LONG-term political maverick Bob Katter, who had held the North Queensland seat of Kennedy since 1993, is a man creating his own story.

The story is the newly formed Australian Party and the chapters include opposition to deregulation, corporatisation, free trade and the duopoly of Coles and Woolworths.

He doesn’t understand why Australia should have higher interest rates than the rest of the world and he believes lowering the rate will bring down the Aussie dollar and promote better business conditions.

Former Noosa Shire councillor Bob Jarvis says he is on the same page as Katter and is running as the Australian Party candidate for the state seat of Noosa.

On Monday afternoon, after a press conference at Sunshine Plaza, Mr Katter made an impromptu visit to Mr Jarvis.

Sitting around a laminated table outside Mr Jarvis’s Tewantin fish and chip shop* the blue jean-clad party leader listened to Jeff Nuske and Mr Jarvis explain local issues while holding forth on his own convictions.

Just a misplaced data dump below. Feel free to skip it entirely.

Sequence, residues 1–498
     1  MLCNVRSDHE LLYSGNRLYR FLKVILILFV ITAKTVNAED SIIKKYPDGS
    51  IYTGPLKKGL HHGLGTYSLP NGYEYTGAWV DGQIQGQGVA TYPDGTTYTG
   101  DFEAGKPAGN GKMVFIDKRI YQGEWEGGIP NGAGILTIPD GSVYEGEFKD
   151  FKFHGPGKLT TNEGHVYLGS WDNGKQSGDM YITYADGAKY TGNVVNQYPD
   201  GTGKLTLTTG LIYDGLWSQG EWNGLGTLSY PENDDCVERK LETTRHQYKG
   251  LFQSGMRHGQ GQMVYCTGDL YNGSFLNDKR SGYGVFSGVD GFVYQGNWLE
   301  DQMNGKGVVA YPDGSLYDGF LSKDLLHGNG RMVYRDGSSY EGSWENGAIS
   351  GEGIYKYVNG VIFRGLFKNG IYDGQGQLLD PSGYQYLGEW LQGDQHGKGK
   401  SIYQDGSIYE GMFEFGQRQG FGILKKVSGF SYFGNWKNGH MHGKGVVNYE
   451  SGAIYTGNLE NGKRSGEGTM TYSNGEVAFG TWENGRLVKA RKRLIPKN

The last Fish and Chip shop owner to get into parliament was Pauline Hanson. So what is it about BJ’s Fish and Chips that makes him any different? Have we done a taste test yet?

Mr Katter is fast and furious. He’s not known as “the force from the north” for nothing and he’s ready to blast apart the two-party system.

He likens the two-party system to the duopoly of Coles and Woolworths. A system, he says, that doesn’t allow party line divergent views.

His own policies tap into the Greens, the LNP and Labor ideologies.

But he guarantees that elected Australian Party members will able to express their own views, even if they don’t agree with the party line.

He doesn’t believe in the sale of public assets.

“The corporatisation of Unitywater is just what they have done to get it ready for sale,” he said.

He doesn’t want cheap imports of fruit coming into Australia and opposes the abolition of tariffs and subsidies for agriculture.

Although he is often painted as redneck conservative, he turns a distinct shade of green when he quotes from Al Gore’s Inconvenient Truth and wants to make the world a healthier place through use of cleaner fuels.

Protesting USA Style